- Direct-latch breastfeeding difficulties — you and/or your baby have been having trouble direct-latch breastfeeding so are switching to bottle feeding, and you want Bub to drink breast milk whenever possible (this could be as a result of a physiological impediment to direct-latch breastfeeding, such as a tongue-tie, or it might be a psychological impediment, such as an association between breastfeeding and a trauma; or, if your baby’s like Rebecca’s Bub, he or she might have developed an aversion to breastfeeding)
- Personal choice — you don’t want to direct-latch breastfeed some or all of the time
- Premature birth — your baby was born prematurely and as a result, is unable to direct-latch breastfeed at the moment, so you’re pumping so that Bub can still drink your milk and to stimulate your breasts to produce a good supply
- Maintain milk supply — if you have to temporarily stop breastfeeding, you might want to pump so your milk supply doesn’t suffer
- Increase milk supply — you might want to pump after each feed to boost your milk supply
- Milk donation — you might be one of those extra special mothers who choose to express milk in order to donate it to other babies in need
No matter what your reason for breast pumping is, this ultimate guide can help you get off to a great start or overcome any breast pumping challenges you might already be experiencing.
Breast pumping concerns
Before we get into the nitty-gritty of how to express milk, let’s take a look at some of the concerns you might be feeling. By addressing these first, we hope to help you learn to love breast pumping without being plagued by niggling doubts.
What will others think of me?
It’s great that so many organisations are supporting and promoting breastfeeding. But sometimes we mums can feel a lot of pressure to direct-latch breastfeed even if it’s just not for us or our family. So, if you’re like many mums, you might be worried about what others will think of your decision to express some or all of the time.
When this worry rears its ugly head, go back to basics and remember that ‘fed is best’ and that you’re doing what’s best for you and your baby.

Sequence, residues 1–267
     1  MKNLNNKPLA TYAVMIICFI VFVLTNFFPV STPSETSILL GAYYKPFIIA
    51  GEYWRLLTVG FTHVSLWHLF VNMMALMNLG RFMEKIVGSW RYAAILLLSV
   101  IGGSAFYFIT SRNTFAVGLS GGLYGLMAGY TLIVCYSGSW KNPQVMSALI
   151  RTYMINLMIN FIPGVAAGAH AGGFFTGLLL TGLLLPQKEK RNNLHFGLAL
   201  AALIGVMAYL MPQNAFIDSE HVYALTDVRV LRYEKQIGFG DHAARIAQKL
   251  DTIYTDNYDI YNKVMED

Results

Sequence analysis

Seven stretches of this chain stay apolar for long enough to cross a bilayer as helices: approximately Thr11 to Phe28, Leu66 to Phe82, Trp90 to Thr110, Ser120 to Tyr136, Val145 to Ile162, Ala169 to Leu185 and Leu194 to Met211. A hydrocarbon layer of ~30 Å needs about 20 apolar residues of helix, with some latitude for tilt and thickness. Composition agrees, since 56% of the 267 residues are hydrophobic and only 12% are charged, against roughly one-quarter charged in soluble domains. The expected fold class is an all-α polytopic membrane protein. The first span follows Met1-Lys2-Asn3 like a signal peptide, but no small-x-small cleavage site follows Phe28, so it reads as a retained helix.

How do I breast pump if I need to go out?
It’s really common for mums to worry about how they’re going to pump when they’re not at home. Maybe you’re planning a girl’s day out or returning to work and you’re not sure how you’re going to express enough milk to feed Bub.
If this is a concern for you, know that plenty of mums breast pump when they’re not at home, particularly when they return to work. It just takes a bit of planning and preparation.
Unless you’re going to express by hand, the most important thing is to choose a pump that’s portable. And even then, it’s a good idea to know how to hand express just in case you need to unexpectedly.
Other things that may help you are below.
Breast pumping away from home — your rights
First things first. You have every right to breast pump in public, just as you have every right to breastfeed in public. The only exception is if it is unsafe to do so (so not in a chemistry lab or in the middle of an active work site for example).
In Australia, your right to breastfeed is protected by the federal Sex Discrimination Act 1984, which states that it’s illegal to discriminate against a woman in any way because she is breastfeeding or breast pumping. This means, for instance, that you cannot be refused a service because you choose to breastfeed or express your milk. Similarly, you cannot be forced to abide by a workplace condition that disadvantages breastfeeding and breast pumping women.
Some people worry that this law only protects direct-latch breastfeeding mums. But this law absolutely protects mothers who express milk to give to their baby at a later time.